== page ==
1. Request a copy of your credit report. Everyone has access to one free annual copy of each of their three credit reports. The best tactic is to order each one four months apart so you can keep track of how your credit is improving throughout the year.
2. Before you do anything else, thoroughly check your credit report for any errors. If there’s a mistake, which is not uncommon, dispute the error. This is easy to do online.
3. Once mistakes have been fixed, call up your creditors to try to negotiate with them. You can’t pretend that you’ve been paying your bill all along, but you can try to work out a good deal. Some creditors will erase a debt that’s gone to collection. Or, you may be able to offer to pay the balance in exchange for them changing the credit report status to “Paid as Agreed.” Whatever deal you work out, make sure to get it in writing before making any payments.
4. Ask about a “Good Will Adjustment.” If you were a great customer up until a certain point, like when you lost your job, the creditor may go easy on you. Ask that they remove the account from the credit report.
5. Check out the limits on your credit cards and then make sure this information matches what’s on the credit report. If you had an increase to your credit card limit, it’s possible that the credit report still shows the previous limit. This could make it look like you’re maxing out your cards when you’re not. You may need to contact the credit card company and have them update the information on your credit report.
6. Don’t have a credit card yet? Get one! Even if you have a low credit score, you’ll still be able to qualify for a prepaid, secured credit card. Don’t charge too much on the card and be sure to pay the bill on time. Instead of paying the minimum every month, pay off a higher percentage of the balance. Being a responsible credit user is one of the best ways to increase your credit score. Be sure that you choose a credit card that reports to all three credit bureaus.
7. Still can’t get a credit card? Ask one of your friends or relatives to add you as an authorized user on their card. Work out a plan for how you’ll use the card responsibly. It helps to get it in writing so the other person feels comfortable with the setup.
8. Don’t pay for every single thing with your credit card. You should only use your credit card some of the time. Experts say that using just 10% of your credit at a time is the perfect ratio.
9. If you have a good track record with a credit card company, ask them if they’re able to increase your limit. Just make sure you can trust yourself to not overspend. Also, you’ll still want to use just 10% of your credit at a time, but the good news is that the amount that equals will now be higher.
10. Don’t close a credit card, even if you’re not using it very much. This shows the credit bureau that your available credit has gone down, which could have a negative effect on your credit score. A good tactic is to setup a recurring charge on a seldom-used card, like your monthly utility bill.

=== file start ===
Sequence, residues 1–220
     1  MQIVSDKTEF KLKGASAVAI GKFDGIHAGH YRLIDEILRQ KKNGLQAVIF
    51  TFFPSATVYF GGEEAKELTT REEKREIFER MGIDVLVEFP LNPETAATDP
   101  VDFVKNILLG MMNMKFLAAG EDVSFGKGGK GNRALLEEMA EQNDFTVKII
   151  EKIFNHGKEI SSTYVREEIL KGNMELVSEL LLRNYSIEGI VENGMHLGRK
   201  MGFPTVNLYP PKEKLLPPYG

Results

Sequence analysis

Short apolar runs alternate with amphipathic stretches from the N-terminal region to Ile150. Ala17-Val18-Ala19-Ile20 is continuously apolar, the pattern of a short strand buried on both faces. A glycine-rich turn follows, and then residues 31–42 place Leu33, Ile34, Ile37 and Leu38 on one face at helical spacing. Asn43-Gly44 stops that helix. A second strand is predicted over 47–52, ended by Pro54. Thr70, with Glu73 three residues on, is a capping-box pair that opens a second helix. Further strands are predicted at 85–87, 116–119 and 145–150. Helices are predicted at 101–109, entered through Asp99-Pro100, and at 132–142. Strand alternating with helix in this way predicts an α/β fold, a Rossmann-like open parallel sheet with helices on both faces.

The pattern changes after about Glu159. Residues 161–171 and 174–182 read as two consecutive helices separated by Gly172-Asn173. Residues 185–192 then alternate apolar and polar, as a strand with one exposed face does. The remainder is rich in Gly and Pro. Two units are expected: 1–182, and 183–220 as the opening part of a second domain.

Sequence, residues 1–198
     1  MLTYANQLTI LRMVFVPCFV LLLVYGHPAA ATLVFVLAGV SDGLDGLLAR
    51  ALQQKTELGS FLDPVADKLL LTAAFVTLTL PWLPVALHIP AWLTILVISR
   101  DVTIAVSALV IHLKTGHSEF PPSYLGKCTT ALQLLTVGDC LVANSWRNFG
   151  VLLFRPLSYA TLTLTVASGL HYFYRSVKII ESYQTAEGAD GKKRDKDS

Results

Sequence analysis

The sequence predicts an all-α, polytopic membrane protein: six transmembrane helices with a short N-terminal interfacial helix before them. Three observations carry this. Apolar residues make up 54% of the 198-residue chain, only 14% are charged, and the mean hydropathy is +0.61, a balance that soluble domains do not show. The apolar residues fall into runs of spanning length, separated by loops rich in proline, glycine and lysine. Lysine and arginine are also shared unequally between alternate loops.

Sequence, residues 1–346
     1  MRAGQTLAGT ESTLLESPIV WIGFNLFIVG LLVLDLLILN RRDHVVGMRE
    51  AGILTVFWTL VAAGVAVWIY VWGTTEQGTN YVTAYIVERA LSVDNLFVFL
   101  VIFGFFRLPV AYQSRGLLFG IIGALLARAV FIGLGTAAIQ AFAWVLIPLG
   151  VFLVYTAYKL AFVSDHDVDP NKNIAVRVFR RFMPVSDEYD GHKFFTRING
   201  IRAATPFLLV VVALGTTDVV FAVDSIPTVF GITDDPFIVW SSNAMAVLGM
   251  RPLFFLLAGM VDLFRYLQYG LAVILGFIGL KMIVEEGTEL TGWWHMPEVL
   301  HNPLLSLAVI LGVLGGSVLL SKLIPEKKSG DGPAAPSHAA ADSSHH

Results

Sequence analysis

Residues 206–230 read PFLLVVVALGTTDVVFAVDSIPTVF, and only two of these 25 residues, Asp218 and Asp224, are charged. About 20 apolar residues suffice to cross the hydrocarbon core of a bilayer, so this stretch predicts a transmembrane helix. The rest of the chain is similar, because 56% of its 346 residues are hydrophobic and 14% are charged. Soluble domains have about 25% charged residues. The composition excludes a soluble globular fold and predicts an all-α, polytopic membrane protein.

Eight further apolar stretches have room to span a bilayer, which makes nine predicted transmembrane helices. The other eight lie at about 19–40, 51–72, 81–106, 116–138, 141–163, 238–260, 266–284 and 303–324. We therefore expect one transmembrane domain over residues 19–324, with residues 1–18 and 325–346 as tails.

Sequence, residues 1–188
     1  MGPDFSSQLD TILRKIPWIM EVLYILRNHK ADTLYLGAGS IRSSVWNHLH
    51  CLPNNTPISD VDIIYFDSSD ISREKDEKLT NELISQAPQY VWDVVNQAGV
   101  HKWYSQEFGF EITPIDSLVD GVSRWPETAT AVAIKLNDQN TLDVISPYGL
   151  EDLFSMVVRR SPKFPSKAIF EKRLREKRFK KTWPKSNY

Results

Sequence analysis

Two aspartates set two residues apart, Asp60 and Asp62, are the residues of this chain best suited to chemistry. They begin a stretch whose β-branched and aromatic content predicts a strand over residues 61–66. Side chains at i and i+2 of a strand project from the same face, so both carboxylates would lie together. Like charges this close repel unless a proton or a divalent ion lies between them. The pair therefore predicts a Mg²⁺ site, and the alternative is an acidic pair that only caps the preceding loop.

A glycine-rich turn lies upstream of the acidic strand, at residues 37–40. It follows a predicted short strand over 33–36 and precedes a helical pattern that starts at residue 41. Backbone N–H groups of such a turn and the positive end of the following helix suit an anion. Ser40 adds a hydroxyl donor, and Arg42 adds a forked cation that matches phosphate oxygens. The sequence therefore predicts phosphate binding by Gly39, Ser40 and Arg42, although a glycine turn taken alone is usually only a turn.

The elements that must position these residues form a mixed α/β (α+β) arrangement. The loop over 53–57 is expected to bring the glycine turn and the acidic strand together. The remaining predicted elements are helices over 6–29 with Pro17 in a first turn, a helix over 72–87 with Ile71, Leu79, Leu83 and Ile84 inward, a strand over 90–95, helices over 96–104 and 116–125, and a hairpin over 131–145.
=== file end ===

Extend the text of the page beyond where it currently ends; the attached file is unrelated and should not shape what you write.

11. If you already have a credit card, you could see your credit score budge by using a different kind of credit. For example, you may want to take out a personal loan from a credit union. Just make sure that you’ll be able to pay the loan back on schedule.
12. Always make sure to pay your bills on time. Your payment history has a major impact on your credit score, especially your FICO score.
13. Pay your bills in two monthly installments. It’s not good for your credit score when you charge a lot all at once. Instead, break up your payments over four weeks to make more frequent charges for smaller amounts. Pay half of each bill two weeks before the due date and the other half a day or two before the due date.
14. Stick with one or two credit cards. While you’ll want to keep small balances on each, that doesn’t mean it’s a good idea to have eight different cards that all carry small balances. Pay off your cards with small balances and stick with two cards, max.
15. Don’t worry about the old debt on your credit report if it’s in good standing. While negative items will be bad for your score, good debt is actually good for your credit. The longer your history of good debt, the better your credit score.
16. Don’t use your credit at places that could hint to a problem with your finances. If you take out a cash advance or make get paid by a pawnshop, this showcases that you might be having financial trouble. Creditors are less likely to work with you to eliminate your debt if they think you’re not reliable.
17. Seek out professional help. Sometimes you just need people who are trained and experienced in helping people increase their credit score quickly. There are many credible law firms that can help you make big improvements quickly.
Your credit isn’t something you should ignore. While it could take up to a month or two to see a major improvement, that’s still considered fast in the grand scheme of things.